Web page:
Some issues we learn about submitting taxes for 2020

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Some things we know about filing taxes for 2020

Taxes can be hard to figure out in normal times, but this year it’s going to be even more of a scratch.

There are many questions about what people owe tax on and what they don’t. Are taxes paid to the state where offices are located or to the states where people live? And when can people file their taxes? When could refunds come?

Patrick Thomas, founding director of Notre Dame Law School’s Tax Clinic, said this year is going to be particularly difficult.

“There are so many factors that go into determining government tax residence,” he said. “But this year it will be even more complicated.”

Thomas said because so many people were working from home this year, taxpayers may have to do more research and paperwork. Some states argue about who is allowed to collect tax revenues for people who live and work across national borders.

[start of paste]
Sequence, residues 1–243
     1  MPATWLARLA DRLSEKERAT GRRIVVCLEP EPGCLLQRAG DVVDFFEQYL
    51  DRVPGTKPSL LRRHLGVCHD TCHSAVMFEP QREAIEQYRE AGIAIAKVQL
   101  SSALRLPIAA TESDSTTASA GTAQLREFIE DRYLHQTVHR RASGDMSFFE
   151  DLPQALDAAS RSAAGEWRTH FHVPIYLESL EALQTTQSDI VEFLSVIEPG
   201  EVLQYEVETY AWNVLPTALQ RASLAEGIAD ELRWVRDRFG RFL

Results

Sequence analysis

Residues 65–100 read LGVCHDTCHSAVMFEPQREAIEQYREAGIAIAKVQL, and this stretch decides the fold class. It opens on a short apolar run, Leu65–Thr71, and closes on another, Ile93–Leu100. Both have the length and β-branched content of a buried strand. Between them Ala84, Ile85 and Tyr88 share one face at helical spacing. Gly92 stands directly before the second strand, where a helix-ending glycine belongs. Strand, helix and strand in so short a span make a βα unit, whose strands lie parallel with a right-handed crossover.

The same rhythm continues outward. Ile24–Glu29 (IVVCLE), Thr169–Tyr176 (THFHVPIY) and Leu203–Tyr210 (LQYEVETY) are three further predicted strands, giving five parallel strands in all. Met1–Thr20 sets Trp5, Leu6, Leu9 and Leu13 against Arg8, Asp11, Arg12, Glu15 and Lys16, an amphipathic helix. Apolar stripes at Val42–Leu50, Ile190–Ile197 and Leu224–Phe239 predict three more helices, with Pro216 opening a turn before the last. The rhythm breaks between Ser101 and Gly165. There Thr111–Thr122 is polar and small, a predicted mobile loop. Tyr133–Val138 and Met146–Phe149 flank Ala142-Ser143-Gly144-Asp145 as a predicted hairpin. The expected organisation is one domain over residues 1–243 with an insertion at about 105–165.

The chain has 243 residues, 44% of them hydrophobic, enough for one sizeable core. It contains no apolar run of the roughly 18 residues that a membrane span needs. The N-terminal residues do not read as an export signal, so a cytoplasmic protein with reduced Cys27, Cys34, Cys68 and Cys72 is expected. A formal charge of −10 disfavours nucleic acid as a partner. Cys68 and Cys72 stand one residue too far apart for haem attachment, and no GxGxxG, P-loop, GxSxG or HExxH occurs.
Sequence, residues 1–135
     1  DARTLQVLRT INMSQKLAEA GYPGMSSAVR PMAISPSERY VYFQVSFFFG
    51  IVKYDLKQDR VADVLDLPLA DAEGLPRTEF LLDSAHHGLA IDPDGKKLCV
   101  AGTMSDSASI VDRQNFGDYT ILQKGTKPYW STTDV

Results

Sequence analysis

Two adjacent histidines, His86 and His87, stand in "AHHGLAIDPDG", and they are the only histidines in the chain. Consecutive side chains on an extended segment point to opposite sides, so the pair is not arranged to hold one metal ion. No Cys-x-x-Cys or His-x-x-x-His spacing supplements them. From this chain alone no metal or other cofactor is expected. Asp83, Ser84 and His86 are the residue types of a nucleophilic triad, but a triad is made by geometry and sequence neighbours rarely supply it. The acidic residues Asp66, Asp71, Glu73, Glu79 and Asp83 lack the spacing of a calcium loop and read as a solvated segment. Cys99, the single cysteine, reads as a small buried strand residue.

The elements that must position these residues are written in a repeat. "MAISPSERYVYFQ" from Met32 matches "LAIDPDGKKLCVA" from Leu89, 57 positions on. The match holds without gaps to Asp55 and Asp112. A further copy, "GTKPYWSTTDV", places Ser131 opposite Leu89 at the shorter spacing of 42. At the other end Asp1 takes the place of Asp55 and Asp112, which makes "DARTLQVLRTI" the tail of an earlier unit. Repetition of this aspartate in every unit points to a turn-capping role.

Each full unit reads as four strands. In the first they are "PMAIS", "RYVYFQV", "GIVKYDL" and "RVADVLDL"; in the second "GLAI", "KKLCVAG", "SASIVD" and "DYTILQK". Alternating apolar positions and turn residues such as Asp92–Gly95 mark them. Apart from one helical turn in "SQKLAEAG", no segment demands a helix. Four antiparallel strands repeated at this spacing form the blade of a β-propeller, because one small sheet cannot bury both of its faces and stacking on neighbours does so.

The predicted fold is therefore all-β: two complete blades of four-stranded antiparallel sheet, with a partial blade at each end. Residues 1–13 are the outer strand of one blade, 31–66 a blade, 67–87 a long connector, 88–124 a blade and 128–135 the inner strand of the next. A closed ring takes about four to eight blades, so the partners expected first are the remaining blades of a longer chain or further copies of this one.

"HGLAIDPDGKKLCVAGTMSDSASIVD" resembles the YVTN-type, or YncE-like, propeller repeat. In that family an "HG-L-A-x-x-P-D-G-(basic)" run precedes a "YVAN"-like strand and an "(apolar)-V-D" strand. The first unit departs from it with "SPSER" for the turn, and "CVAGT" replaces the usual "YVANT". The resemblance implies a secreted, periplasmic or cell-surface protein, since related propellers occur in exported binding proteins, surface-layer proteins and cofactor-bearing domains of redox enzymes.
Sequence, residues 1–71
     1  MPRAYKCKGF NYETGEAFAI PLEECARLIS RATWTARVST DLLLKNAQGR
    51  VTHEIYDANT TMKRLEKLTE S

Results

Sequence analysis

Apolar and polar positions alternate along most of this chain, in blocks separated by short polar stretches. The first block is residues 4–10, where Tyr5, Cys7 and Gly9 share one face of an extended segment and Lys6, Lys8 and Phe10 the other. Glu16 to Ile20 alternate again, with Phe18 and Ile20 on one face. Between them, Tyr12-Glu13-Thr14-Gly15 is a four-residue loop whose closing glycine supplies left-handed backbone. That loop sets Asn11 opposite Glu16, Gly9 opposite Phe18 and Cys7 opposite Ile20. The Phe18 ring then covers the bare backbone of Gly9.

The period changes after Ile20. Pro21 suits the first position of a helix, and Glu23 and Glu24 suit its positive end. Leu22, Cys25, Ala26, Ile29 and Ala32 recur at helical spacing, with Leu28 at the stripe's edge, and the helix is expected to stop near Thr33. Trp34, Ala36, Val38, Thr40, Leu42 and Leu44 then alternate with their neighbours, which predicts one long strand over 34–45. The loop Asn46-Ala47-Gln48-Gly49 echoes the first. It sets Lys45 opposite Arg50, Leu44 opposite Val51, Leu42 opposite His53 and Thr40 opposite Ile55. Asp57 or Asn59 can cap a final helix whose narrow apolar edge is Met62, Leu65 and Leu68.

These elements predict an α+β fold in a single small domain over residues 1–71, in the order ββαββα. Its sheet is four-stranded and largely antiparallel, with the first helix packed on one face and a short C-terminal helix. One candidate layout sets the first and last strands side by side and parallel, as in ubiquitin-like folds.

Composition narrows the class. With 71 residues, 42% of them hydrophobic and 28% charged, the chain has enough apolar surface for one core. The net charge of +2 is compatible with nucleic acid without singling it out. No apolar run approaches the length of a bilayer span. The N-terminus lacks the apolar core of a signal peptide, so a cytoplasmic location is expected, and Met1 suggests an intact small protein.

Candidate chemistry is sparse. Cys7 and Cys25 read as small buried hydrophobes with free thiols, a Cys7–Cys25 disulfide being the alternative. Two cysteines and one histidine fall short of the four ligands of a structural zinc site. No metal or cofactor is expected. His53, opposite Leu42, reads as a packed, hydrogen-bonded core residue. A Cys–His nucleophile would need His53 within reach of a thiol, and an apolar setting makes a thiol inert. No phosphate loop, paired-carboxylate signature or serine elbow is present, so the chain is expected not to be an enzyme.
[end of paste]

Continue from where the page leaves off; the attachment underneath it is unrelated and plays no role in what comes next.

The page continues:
There are a couple of things that we know. Stimulus checks are not taxed. However, unemployment benefits are taxed both at the federal level and by some federal states.

“When you get your jobless check, you want to make sure that taxes are set aside or taxes withheld to pay federal taxes,” said Ariel Jurow Kleiman, associate professor of law at the University of San Diego.

She said that with 10.7 million unemployed people there are many people who have never accumulated unemployment before, so they need to be aware of this.

Another difference this year is that the IRS won’t accept federal tax returns until February 12th. Andrew Hayashi, director of the Virginia Center for Tax Law, said people will have to wait longer for this check from the IRS.

“Low-income households that claim the earned income tax credit rely on it to update some of their vacation bills,” he said.

Ordinarily, many of these families would file their taxes in the first week of January, Hayashi said, but now they can’t. However, the April 15th deadline remains unchanged for now.

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